Pierre Gasly admits he has been “a bit fed up” about his consistent points-scoring run coming to an abrupt end.
The story of the Frenchman’s season so far is that his strong qualifying performances have promised substantially more than the races have delivered, and especially of late.
The one main exception was when he finished third in the Azerbaijan Grand Prix – which made it a trio of podiums for Gasly at AlphaTauri across the last three campaigns, one on each level of the rostrum.
He achieved six consecutive points finishes culminating with P7 in his home race at Paul Ricard, even though higher placings might have been expected judging by where Gasly had started on the grid.
But since the French Grand Prix, Gasly has been out of the points twice and finished ninth in the second Austrian race – a sequence of results that left him feeling a bit dispirited.
A late puncture in the British Grand Prix most recently thwarted the 25-year-old’s hopes of finishing in the top 10, while he retired early from the Styrian GP after first-lap contact with Charles Leclerc.
“The last race at Silverstone was frustrating as we lost a couple of points because of the puncture at the end. I think even eighth place could have been possible,” said Gasly, quoted by Formula 1. “Someone had thrown some gravel onto the track and it cut my tyre.
“So honestly, I was a bit fed up with how things went generally in the past few races. In Austria, there was the collision with Charles, which cost me some points, and then that puncture.
“Overall, I’d say Silverstone was my worst weekend of the season, especially as it looked as though we could have salvaged between two and four points, so it was annoying that we couldn’t take them.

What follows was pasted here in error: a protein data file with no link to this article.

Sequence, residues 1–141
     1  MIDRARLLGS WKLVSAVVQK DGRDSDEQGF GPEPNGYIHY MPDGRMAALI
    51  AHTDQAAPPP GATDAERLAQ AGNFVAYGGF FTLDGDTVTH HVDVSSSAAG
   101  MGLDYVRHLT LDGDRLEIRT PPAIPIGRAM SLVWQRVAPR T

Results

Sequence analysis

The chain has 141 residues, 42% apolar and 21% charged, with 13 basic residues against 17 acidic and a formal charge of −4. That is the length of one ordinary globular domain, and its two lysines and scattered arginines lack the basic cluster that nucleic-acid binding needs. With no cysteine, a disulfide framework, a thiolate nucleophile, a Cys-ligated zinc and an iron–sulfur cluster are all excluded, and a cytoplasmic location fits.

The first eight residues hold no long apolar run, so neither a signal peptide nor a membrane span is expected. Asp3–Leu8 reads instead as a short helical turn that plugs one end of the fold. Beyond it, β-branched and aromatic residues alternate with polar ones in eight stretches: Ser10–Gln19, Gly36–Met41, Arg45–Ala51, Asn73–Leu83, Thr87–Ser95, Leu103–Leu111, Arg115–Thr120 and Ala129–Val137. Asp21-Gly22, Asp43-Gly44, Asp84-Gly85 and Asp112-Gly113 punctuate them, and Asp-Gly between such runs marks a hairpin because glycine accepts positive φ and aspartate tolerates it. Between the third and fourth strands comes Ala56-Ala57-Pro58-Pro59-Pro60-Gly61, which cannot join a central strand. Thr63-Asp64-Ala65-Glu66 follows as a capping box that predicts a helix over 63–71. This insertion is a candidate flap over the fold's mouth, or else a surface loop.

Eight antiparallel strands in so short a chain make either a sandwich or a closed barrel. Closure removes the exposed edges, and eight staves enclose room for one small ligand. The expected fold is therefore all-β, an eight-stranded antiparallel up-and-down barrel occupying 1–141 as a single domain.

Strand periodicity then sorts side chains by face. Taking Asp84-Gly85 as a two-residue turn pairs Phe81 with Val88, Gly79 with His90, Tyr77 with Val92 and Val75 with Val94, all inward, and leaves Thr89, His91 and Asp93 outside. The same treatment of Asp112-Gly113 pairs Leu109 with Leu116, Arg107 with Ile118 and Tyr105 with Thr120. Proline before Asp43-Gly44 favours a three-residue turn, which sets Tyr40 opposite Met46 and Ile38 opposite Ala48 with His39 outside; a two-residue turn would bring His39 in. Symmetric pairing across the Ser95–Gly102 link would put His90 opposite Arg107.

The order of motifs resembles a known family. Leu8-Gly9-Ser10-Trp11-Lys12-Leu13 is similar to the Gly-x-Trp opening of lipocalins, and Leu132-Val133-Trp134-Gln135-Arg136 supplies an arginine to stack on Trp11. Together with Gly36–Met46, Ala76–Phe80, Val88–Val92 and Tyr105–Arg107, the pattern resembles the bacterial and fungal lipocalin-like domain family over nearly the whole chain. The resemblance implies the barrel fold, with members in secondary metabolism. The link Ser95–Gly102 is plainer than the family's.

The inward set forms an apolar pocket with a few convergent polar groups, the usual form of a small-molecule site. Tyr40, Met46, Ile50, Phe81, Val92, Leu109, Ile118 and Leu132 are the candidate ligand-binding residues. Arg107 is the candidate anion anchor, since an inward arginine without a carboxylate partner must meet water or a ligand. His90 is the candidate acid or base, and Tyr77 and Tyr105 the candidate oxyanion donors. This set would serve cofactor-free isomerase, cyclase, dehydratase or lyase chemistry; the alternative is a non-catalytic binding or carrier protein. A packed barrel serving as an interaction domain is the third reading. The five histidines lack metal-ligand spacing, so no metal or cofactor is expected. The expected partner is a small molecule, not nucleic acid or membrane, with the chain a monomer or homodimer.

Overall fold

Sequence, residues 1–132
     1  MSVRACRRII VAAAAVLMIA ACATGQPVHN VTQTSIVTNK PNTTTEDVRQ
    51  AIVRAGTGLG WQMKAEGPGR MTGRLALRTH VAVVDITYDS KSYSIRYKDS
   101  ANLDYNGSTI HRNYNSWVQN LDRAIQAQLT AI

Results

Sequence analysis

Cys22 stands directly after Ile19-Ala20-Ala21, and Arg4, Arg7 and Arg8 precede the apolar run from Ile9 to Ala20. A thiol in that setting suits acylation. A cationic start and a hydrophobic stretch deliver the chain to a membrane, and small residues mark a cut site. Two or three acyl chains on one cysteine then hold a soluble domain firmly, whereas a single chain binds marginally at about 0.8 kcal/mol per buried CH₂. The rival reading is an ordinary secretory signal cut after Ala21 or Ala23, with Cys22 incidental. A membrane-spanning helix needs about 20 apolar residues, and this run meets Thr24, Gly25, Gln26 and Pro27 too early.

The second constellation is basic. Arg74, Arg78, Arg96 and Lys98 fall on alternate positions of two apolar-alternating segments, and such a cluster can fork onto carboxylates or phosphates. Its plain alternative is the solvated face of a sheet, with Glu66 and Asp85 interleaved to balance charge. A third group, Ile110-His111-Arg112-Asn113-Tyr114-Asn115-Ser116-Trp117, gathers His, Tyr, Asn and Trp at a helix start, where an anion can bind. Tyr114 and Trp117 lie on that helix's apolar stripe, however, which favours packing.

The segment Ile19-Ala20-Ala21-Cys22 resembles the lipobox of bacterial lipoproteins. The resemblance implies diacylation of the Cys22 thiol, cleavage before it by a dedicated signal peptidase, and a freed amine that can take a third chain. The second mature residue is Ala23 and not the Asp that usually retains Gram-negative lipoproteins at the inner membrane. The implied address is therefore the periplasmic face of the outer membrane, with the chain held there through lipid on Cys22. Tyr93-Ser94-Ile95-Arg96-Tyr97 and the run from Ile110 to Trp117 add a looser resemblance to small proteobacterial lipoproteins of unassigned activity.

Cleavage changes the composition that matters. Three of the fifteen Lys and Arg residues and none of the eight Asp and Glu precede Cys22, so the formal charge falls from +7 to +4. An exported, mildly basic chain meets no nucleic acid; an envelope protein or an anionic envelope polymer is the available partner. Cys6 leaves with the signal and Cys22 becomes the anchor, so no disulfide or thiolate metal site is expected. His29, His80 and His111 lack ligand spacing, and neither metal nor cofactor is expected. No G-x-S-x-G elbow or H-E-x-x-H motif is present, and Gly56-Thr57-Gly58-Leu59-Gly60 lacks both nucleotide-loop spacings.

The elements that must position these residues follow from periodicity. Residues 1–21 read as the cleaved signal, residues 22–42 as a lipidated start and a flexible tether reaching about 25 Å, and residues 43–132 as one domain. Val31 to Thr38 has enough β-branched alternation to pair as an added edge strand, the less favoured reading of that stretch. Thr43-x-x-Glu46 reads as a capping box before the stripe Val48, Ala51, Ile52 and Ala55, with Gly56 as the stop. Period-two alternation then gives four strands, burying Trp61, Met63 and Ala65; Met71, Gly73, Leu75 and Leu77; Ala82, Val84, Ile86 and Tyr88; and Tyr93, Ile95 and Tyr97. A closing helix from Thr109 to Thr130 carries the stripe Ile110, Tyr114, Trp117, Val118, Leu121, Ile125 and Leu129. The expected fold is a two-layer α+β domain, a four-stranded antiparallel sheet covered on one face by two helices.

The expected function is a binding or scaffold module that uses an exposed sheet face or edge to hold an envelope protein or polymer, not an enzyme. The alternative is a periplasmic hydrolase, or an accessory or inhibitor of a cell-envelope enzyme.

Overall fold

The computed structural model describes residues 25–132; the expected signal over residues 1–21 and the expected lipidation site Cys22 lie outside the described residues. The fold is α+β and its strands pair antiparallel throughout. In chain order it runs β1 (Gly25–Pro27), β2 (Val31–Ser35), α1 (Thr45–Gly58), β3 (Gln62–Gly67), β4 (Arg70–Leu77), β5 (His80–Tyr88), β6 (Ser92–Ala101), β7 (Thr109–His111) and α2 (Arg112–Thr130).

“But that’s how it goes sometimes and now we definitely have things to review. We had to deal with more complications than we expected and the new [sprint qualifying] format didn’t really allow us much time to sort things out after free practice, before going straight to qualifying and parc ferme.”
Gasly now has a chance to turn things around in the Hungarian Grand Prix.
“We got off to a very strong start to the season, so now it will be important to have a good end to the first part of the year in Budapest,” he said.
“I have done well in the past at the Hungaroring, winning in Formula 2 and scoring points a couple of times in Formula 1.
“It’s a circuit I like a lot as there are no real straights and plenty of corners, so in the cockpit you are always doing something – braking, turning or managing the throttle. There’s very little time spent in a straight line and I enjoy that. It means it’s important to get into a good rhythm, so I find it really enjoyable to drive.
“Of course, it’s always a really physical challenge with no chance to rest on the lap, plus it looks like it will be another very hot weekend given the heat in Europe at the moment, but I feel ready for it.”